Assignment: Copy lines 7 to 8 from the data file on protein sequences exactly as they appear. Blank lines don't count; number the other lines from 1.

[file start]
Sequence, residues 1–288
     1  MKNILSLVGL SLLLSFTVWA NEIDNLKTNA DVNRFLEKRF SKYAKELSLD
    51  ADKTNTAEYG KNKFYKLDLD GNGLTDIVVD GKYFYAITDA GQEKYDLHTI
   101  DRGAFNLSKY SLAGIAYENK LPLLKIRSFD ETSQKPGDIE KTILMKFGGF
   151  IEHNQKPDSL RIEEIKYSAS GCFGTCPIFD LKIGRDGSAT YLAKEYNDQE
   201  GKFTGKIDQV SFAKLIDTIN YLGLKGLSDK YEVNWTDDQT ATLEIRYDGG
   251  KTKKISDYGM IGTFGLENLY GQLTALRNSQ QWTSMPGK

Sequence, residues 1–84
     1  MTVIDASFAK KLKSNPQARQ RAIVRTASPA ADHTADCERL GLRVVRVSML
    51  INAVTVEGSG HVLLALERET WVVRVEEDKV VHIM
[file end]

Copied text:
   251  KTKKISDYGM IGTFGLENLY GQLTALRNSQ QWTSMPGK

Sequence, residues 1–84